Free Speech Ends Here

Source: Reuters

A West Hollywood homeowner has hung an effigy of VP candidate Sarah Palin from his home in time for Halloween.  Local officials have already spoken to say that the homeowner is covered by free speech rights.

As you may know, I believe in free speech in its entirety (so long as such speech is not used to incite violent acts) and do support the homeowner’s choice of Halloween decor (though it would not be my own choice).  That said, I should make it clear that whatever I believe for one politician should be true for another and therefore reluctantly say that, were the effigy of Obama, I believe it to be equally within the rights of free speech.

I do wonder, however, if someone were to hang an effigy of Obama in such a way, would it be a hate crime?  And is it not a hate crime when done to Sarah Palin?  She is a woman*, and to quote John Lennon, “woman is the nigger of the world” (which, as John intended it, is still true today by most accounts).  Should a crime against a woman not be treated in the same manner as a crime against a minority?

*You’ll note in the comments below that I changed this statement to better reflect my intent.  I had, incorrectly, stated that women were a minority, which is not true, at least in the United States.

Photo Credit: Reuters

7 replies on “Free Speech Ends Here”

Apologies, I wrote too quickly. I didn’t mean to say that women are a minority, rather, the implication was the oft-used phrase “women and minorities.” Women are a minority in politics, in the workplace, in the public sphere. They are paid less, diminished by men. Crimes against women should be considered hate crimes IF crimes against minorities are.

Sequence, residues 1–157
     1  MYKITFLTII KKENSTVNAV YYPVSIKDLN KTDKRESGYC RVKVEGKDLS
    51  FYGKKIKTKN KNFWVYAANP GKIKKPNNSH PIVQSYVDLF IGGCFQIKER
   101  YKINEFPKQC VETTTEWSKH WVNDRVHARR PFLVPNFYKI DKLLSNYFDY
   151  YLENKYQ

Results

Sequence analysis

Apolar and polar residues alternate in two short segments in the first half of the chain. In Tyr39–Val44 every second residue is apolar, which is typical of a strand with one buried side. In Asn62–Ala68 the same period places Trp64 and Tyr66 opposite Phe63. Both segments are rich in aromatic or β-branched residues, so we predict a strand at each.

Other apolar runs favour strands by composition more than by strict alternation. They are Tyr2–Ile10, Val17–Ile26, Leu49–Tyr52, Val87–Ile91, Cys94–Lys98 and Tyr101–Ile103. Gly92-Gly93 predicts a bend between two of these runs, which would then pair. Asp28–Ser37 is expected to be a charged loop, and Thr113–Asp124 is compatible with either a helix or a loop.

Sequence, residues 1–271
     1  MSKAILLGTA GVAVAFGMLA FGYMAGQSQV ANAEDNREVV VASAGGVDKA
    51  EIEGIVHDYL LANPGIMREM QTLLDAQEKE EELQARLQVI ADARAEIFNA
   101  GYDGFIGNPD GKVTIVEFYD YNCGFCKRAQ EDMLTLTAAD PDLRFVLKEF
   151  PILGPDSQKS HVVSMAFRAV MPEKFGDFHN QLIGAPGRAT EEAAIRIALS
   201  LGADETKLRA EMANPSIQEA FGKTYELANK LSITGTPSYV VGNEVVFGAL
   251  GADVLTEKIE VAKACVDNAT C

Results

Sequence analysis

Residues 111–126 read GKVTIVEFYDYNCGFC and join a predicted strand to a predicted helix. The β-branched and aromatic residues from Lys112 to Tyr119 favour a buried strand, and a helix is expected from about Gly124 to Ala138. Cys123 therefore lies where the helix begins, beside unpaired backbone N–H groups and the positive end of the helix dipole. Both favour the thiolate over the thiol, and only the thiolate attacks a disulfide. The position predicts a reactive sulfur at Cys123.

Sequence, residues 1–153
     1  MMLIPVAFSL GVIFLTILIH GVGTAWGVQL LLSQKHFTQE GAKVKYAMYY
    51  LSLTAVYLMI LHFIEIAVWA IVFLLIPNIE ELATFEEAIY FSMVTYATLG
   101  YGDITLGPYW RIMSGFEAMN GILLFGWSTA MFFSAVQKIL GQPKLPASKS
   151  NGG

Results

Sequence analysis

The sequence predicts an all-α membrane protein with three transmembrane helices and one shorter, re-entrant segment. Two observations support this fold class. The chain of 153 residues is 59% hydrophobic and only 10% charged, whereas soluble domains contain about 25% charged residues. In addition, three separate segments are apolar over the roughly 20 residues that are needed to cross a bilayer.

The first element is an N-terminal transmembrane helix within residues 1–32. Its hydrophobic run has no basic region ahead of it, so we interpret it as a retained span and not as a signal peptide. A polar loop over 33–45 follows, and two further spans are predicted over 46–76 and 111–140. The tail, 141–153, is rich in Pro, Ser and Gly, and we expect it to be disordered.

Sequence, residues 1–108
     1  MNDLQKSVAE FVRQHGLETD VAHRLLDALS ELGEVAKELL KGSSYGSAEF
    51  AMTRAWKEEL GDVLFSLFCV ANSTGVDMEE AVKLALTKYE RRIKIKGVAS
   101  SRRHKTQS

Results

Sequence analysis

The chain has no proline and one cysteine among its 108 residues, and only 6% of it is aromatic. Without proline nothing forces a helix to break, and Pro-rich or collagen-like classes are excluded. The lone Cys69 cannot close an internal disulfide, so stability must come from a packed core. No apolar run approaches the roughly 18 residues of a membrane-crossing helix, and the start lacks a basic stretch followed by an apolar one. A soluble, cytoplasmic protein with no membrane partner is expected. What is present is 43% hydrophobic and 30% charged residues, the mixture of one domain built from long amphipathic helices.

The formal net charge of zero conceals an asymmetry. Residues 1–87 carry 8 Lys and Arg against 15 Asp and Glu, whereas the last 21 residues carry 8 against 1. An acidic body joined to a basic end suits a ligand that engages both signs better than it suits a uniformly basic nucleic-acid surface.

Personally, I don’t like the concept of “hate crimes.” A crime is a crime, and punishment should be equal regardless of who such a crime is committed against.

Politics aside, what does this homeowner have to say to the increase in crime and recent spats of homocidal violence on college campuses? I hope if someone sees this image and commits a hanging that the homeowner is willing to serve time, too.


I believe 100% in free speech. I think the only reason that law enforcements are allowing this is because Palin is not the popular vote right now.

If that homeowner put a black person, Islamic woman covered with traditional Muslim clothing, or a Jew up there then the law enforcements would say it is in fact a hate crime punishable by law.

Let me start by saying that I do not care what color of skin you have or religious beliefs you uphold. I’m merely pointing out that this country has freedom of speech but only when it goes along with the majority.

Do I think that hanging a figure that represents Palin is sending the right message for children, NO but neither is having grave stones with hands coming out of the ground. It’s rather morbid and often scary to young kids. However, we do it because its tradition and people think oh its Halloween so no worries.

We also tell our kids to not talk to strangers but yet we hire clowns for birthday parties and get dressed up for Halloween so that we can go to stranger’s homes and eat their candy.

I’m just saying that this country is hypocritical. It’s all about the majority vote. If your popular then you get away with it and if your not, well you fill in the blank.

If I understand the law correctly, a hate crime typically has to be a crime to begin with, but one motivated by prejudicial hatred. Since this isn’t a crime to begin with, because there’s no victim, I don’t think you could prosecute it as a hate crime.

I’m strongly against hate crime extending to the area of speech and expression in general, although I think it depends on where the expression occurs. If you were to hang an effigy on someone else’s lawn, for example, that should obviously be prosecuted as a hate crime.

@Ari, really? Do you really think this prankster should be held responsible if a crime is committed against Sarah Palin or someone else? That’s placing a fairly heavy onus of blame on one person with a sense of humor. Needless to reiterate, I disagree.

@Nicole, I also sense that were the effigy of a minority, the “crime” would be handled much differently.

@CM, I agree with your first statement, and I suppose your second as well. Violent hate crime is one issue (on which I’m not so sturdy), but when “hate crime” is used in free speech issues, I wince.

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